AS CITY leaders call on the Government to bring forward a ban on the sale of petrol and diesel cars, we explain plans for the world's first zero emissions zone (ZEZ). 

Oxford Mail:

What is the zero emissions zone?

Oxford City Council and Oxfordshire County Council are proposing to introduce the world’s first zero emission zone in the city centre.

The proposal would see diesel and petrol vehicles banned from Oxford city centre in phases, starting with some vehicle types and a small number of streets in 2020, and - as vehicle technology develops - moving to all vehicle types across the whole city centre in 2035.

What streets will I be banned from?

The new zone would see all petrol and diesel taxis, cars and buses excluded from six central streets including Queen Street from 2020.

That area will then be expanded in 2025 and 2030 to encompass the entire city centre, including George Street, St Aldate's and most of High Street.

Finally, in 2035, HGVs will be banned from the same zone if the plan goes ahead after a consultation. 

Why do we need a zero emissions zone?

Oxford city centre currently has illegally-high levels of toxic nitrogen dioxide, which contributes to diseases including cancer, asthma, stroke and heart disease - and contributes to around 40,000 deaths in the UK every year.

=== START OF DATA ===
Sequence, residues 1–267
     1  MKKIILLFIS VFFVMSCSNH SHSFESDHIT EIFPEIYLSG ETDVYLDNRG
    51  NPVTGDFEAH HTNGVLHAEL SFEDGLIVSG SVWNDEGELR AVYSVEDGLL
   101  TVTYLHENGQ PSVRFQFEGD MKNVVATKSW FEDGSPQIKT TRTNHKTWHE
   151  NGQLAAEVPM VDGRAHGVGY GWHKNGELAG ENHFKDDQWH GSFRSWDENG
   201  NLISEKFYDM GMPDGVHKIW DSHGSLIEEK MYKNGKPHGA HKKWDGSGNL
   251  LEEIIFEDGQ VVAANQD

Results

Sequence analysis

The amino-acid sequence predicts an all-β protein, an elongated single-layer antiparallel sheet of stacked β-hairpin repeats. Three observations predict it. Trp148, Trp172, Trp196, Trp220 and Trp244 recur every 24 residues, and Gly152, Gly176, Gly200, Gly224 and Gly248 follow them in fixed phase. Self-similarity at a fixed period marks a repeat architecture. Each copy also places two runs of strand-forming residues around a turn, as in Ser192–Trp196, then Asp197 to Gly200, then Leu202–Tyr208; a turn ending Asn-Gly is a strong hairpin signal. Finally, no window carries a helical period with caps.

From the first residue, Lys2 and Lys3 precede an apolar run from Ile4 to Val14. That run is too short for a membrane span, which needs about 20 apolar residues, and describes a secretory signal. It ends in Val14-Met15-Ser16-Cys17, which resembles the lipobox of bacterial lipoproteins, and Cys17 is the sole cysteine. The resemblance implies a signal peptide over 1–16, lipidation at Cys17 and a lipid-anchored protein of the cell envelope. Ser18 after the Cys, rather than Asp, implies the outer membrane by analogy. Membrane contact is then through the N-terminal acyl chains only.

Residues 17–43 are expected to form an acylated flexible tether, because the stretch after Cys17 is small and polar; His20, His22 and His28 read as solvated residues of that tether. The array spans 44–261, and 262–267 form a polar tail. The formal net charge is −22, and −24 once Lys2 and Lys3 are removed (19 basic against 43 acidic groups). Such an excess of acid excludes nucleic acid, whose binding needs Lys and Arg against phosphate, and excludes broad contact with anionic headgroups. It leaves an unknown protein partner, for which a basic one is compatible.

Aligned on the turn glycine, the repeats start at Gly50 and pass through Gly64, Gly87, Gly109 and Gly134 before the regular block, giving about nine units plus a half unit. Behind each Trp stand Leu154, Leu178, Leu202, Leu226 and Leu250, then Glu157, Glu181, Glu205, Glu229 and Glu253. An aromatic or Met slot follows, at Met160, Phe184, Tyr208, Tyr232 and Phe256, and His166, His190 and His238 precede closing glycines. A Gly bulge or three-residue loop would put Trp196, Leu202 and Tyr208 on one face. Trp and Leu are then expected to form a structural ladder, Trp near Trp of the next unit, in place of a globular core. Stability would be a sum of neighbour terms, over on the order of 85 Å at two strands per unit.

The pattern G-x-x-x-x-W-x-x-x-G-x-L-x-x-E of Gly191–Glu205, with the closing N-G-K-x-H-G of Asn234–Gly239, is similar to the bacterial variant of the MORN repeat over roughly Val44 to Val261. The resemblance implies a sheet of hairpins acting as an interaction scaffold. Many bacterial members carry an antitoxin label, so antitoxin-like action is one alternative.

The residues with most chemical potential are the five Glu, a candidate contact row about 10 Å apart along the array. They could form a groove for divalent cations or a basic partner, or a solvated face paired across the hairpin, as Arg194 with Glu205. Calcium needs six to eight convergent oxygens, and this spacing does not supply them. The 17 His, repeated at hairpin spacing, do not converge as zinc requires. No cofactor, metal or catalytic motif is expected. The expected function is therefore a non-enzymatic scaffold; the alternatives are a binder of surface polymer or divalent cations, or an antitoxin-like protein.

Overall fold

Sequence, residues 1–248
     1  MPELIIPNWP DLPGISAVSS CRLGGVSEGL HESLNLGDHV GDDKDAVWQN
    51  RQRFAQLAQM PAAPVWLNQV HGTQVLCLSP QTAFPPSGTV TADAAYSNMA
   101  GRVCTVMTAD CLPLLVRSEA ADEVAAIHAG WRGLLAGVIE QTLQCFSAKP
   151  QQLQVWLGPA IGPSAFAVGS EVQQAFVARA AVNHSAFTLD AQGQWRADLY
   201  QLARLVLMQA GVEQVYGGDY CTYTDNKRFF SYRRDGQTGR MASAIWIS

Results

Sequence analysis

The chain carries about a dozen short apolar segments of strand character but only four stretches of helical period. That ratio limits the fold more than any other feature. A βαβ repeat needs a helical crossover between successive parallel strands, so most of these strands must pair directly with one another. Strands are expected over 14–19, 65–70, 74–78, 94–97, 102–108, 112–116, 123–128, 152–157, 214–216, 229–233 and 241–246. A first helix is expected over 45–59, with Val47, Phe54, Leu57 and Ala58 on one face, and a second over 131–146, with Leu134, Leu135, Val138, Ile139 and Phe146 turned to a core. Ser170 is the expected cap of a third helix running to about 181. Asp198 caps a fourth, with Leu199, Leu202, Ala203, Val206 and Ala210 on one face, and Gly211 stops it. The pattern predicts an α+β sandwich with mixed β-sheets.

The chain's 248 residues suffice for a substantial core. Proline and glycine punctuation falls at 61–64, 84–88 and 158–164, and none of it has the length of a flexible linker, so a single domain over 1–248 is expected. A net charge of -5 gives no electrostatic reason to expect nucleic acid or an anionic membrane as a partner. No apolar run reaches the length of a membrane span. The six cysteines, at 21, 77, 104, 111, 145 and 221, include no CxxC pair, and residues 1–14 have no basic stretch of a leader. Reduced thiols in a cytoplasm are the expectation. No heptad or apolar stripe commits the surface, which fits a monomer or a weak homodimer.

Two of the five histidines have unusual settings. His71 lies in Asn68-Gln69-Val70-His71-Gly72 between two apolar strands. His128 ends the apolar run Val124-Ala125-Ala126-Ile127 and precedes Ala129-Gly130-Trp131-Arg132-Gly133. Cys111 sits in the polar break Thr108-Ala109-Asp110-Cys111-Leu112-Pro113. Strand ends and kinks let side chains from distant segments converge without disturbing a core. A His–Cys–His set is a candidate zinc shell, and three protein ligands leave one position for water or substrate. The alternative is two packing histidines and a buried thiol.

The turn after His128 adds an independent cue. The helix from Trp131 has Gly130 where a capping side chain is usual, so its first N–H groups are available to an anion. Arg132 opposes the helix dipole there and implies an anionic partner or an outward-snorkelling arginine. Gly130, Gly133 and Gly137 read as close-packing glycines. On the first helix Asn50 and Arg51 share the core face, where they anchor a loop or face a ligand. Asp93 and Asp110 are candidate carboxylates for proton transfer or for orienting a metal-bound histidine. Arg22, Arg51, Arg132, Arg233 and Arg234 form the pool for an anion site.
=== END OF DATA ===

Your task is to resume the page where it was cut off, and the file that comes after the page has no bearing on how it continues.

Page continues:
How much would a zero emissions zone help reduce these problems?

The ZEZ proposals would cut the nitrogen dioxide level in Oxford city centre’s most polluted street, George Street, by 74% by 2035 - bringing it well below the legal limit.

How do people feel about the proposals?

Oxford City Council says it wants 'to make the ZEZ work for everyone, and held a consultation on the issue last year. 

In total, 755 individuals and businesses took part in the consultation. Although there was huge support for a ZEZ in Oxford, many concerns were raised.